Data from the National Health and Nutrition Examination Survey indicated that 95.7% of a nationally representative sample of Americans has an omega-3 index – a quantification of the fatty acid status of a person – below 4%, reported to be a high risk indicator for coronary heart disease.
“Suboptimal [long-chain omega-3 polyunsaturated fatty acid (LCn-3 PUFA)] concentrations are common among U.S. adults despite repeated emphasis on increasing seafood consumption,” wrote the researchers in Nutrients. “Hispanic individuals and individuals aged 20 to 59 may be particularly important populations to focus on given the high prevalence of suboptimal LCn-3 PUFA. Notably, no subpopulation had a majority of individuals with LCn-3 concentrations above suboptimal, thus highlighting the need for improving LCn-3 PUFA levels in the food supply.”
‘Disconcerting but not surprising’
Commenting independently on the study Harry Rice, PhD, VP of regulatory & scientific affairs for the Global Organization for EPA and DHA Omega-3s (GOED), told us that the results were disconcerting but not surprising.
“They reinforce that low EPA/DHA intake has reached epidemic proportions in the US," said Dr Rice. "There's only one way to get out of the dire straits into which we've gotten ourselves. Increase EPA/DHA intake! Clearly, results from this study support the need for a DRI for EPA+DHA.”
Scientists from DSM Nutritional Products, the University of British Columbia, and Cornell University analyzed data from 1,386 people over the age of 20 from the 2003-2004 National Health and Nutrition Examination Survey.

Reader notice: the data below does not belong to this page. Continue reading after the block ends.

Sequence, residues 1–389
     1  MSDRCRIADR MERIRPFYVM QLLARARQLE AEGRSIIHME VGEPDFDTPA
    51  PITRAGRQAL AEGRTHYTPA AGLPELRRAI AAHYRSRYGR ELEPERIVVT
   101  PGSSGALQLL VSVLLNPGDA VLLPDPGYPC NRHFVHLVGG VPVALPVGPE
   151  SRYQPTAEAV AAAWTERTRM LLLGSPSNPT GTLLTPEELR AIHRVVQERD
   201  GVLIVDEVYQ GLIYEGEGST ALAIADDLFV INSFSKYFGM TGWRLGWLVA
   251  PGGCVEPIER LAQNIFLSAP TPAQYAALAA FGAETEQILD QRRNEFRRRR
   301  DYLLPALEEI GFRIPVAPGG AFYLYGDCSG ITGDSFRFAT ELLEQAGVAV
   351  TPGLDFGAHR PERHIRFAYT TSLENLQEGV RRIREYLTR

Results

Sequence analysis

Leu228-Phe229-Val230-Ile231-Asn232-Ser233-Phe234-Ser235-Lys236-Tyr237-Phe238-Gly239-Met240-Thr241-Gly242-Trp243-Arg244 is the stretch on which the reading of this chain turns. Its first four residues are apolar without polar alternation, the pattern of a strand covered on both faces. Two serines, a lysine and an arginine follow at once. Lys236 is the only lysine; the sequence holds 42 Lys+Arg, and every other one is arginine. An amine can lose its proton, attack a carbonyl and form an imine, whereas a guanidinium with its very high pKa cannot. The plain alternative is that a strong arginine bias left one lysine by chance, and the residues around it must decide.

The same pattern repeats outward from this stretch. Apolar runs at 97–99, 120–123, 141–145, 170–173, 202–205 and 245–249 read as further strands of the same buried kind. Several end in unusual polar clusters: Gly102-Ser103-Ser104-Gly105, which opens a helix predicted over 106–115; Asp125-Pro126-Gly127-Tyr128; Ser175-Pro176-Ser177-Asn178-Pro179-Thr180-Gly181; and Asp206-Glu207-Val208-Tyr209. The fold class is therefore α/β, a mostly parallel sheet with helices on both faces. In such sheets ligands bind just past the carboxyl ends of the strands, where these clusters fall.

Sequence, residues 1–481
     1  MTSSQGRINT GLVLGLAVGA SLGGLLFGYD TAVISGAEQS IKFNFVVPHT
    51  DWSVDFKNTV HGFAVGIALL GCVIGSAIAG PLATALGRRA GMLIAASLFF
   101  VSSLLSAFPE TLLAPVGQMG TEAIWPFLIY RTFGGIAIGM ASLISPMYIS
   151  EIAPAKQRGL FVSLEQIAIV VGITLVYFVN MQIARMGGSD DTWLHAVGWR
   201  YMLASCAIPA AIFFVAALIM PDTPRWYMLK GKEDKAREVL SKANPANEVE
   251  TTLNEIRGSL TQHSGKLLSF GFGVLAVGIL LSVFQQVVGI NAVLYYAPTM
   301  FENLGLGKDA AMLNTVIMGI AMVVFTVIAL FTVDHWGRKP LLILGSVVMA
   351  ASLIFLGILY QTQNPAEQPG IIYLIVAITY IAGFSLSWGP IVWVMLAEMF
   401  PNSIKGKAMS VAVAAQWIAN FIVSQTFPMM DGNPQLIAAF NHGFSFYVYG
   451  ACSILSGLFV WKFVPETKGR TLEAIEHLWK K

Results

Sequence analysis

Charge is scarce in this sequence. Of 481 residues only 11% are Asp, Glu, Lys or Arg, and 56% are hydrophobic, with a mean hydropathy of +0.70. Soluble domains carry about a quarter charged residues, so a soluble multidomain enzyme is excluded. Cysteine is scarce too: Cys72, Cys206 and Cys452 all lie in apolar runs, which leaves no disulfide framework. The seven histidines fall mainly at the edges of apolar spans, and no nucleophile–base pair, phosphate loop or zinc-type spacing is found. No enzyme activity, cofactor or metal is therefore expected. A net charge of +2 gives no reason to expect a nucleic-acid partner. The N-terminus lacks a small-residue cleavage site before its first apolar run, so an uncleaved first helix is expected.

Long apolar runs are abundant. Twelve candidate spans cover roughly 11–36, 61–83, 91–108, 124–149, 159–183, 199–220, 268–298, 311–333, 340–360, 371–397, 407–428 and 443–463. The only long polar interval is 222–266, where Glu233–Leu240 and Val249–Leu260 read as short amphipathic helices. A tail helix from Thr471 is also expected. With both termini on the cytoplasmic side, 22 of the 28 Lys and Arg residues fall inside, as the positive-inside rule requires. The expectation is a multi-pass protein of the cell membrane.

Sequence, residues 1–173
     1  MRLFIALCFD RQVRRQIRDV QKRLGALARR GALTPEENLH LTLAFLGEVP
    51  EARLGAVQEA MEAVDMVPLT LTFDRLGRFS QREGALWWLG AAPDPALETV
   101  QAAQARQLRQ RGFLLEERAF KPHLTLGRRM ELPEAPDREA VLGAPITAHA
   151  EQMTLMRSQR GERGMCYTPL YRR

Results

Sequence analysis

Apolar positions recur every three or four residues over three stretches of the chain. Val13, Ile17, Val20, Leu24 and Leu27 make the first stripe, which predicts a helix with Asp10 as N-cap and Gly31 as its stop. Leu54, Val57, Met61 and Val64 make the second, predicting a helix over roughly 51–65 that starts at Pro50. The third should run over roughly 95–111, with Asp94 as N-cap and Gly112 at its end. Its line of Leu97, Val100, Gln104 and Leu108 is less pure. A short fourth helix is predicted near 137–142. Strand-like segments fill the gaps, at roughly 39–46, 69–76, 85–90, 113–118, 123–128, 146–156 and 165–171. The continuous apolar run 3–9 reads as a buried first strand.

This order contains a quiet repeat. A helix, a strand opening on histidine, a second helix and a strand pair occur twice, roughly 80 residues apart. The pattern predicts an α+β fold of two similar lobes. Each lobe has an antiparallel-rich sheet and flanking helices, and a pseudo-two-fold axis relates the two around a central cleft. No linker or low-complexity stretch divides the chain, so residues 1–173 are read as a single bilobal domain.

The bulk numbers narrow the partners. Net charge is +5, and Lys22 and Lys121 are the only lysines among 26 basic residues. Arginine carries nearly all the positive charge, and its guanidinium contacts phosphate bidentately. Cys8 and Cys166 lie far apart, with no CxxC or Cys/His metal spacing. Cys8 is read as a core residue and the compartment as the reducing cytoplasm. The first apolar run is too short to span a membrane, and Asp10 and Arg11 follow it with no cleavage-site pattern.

The LCn-3 concentrations represent the combination of EPA, DHA, and DPA omega-3s relative to total fatty acids. The data showed that the mean LCn-3 PUFA concentration was 2.07%.
Over 80% of the people surveyed had LCn-3 below concentrations recommended for cardiovascular health, said the researchers, and over 90% had LCn-3 PUFA concentrations below the level associated with a reduced risk of cardiac death.
Subgroup analysis revealed that Hispanics were the most likely to have omega-3s below the recommended levels.
“Estimates project that by 2030, 40.5% of the U.S. population will have some form of [cardiovascular disease (CVD)] and the real indirect costs for all CVD are estimated to increase by 61% from 2010 to 2030,” they wrote.
“A systematic review estimated that increasing omega-3 intake and status could result in a 6.9% reduction in the incidence of CVD-related events and avoid hospital utilization by $2.06 billion per year among US adults over 55 years, suggesting that improving LCn-3 PUFA intake, and by extension status, could have significant cost implications for the US healthcare system.”
2015, Volume 7, Number 12, Pages 10282-10289, doi: 10.3390/nu7125534
“Suboptimal plasma long chain n-3 concentrations are common among adults in the United States, NHANES 2003-2004”
Authors: R.A. Murphy, E.A. Yu, E.D. Ciappio, S. Mehta, M.I. McBurney